Considering Animals draws on the expertise of scholars trained in the biological sciences, humanities, and social sciences to investigate the complex and contradictory relationships humans have with nonhuman animals.
Taking their cue from the specific 'animal moments' that punctuate these interactions, the essays engage with contemporary issues and debates central to human-animal studies: the representation of animals, the practical and ethical issues inseparable from human interactions with other species, and, perhaps most challengingly, the compelling evidence that animals are themselves considering beings.
Case studies focus on issues such as animal emotion and human 'sentimentality'; the representation of animals in contemporary art and in recent films such as March of the Penguins, Happy Feet, and Grizzly Man; animals' experiences in catastrophic events such as Hurricane Katrina and the SARS outbreak; and the danger of overvaluing the role humans play in the earth's ecosystems.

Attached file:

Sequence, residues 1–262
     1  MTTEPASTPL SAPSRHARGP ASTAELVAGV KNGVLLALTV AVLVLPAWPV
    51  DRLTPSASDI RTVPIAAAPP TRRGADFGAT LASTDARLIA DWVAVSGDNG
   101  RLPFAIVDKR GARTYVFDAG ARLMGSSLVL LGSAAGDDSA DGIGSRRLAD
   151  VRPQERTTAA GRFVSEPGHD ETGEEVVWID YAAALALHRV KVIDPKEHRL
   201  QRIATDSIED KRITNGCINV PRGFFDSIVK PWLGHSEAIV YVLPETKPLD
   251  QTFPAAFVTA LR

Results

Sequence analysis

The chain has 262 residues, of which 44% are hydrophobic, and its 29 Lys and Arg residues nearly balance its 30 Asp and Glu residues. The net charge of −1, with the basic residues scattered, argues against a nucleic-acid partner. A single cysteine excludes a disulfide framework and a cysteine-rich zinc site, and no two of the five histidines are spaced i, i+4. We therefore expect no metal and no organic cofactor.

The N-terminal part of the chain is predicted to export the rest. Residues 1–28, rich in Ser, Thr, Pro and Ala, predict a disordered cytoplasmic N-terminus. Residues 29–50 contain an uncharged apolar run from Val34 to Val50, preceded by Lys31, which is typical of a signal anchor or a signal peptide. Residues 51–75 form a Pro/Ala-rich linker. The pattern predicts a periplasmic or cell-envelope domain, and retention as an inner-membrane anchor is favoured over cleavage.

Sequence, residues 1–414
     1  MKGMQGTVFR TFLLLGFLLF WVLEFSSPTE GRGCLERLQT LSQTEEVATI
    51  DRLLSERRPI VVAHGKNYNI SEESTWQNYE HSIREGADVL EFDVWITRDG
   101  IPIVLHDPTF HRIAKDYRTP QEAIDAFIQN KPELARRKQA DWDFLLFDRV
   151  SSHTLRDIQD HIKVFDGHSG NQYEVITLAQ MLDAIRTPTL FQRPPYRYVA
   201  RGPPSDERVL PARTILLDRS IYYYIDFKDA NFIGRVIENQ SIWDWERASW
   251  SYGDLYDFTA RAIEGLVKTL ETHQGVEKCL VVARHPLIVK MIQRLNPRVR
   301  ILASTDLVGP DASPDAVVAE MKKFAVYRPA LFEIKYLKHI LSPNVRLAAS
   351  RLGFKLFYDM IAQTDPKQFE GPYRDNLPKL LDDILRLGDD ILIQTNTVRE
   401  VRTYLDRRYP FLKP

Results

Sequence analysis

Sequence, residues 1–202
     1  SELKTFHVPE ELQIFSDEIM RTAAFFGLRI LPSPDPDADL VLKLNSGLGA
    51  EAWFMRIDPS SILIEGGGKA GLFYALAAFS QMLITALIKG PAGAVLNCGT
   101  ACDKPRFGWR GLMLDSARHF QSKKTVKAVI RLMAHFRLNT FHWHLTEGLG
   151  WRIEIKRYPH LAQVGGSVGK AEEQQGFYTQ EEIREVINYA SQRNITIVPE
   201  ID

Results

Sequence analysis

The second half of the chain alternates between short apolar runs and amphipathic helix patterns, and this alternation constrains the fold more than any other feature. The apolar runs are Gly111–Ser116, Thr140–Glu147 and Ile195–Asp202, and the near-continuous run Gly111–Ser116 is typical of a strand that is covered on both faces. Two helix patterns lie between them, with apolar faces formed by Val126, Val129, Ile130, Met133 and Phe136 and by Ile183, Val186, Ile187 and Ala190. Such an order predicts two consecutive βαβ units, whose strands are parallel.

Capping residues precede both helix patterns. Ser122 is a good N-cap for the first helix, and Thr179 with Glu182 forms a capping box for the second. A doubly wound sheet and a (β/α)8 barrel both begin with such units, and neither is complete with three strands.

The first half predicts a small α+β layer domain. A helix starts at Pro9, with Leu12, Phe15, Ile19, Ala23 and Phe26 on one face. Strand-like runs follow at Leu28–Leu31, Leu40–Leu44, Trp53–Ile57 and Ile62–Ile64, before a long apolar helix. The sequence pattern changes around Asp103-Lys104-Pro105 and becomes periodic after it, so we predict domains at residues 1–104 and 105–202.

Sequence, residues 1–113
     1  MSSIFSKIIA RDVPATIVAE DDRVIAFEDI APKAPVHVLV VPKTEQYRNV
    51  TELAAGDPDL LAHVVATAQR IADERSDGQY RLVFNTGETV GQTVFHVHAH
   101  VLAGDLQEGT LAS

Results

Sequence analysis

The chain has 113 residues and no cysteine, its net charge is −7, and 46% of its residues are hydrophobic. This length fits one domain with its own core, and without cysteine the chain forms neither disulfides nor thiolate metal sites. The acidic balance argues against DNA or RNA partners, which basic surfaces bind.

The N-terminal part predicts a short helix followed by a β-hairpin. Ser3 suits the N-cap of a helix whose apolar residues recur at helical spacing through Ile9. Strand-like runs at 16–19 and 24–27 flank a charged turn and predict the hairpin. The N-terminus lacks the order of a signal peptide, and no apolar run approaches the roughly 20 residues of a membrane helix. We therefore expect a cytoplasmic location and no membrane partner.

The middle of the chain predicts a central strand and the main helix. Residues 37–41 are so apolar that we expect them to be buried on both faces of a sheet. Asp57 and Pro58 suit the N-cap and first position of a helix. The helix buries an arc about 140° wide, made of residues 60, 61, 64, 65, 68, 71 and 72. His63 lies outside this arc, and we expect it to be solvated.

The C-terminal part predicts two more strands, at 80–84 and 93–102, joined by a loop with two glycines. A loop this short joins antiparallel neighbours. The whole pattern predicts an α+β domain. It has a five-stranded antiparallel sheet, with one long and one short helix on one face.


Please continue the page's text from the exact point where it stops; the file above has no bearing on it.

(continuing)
From Marc Bekoff's moving preface through to the last essay, Considering Animals foregrounds the frequent, sometimes uncanny, exchanges with other species that disturb our self-contained existences and bring into focus our troubled relationships with them.
Written in an accessible and jargon-free style, this collection demonstrates that, in the face of species extinction and environmental destruction, the roles and fates of animals are too important to be left to any one academic discipline.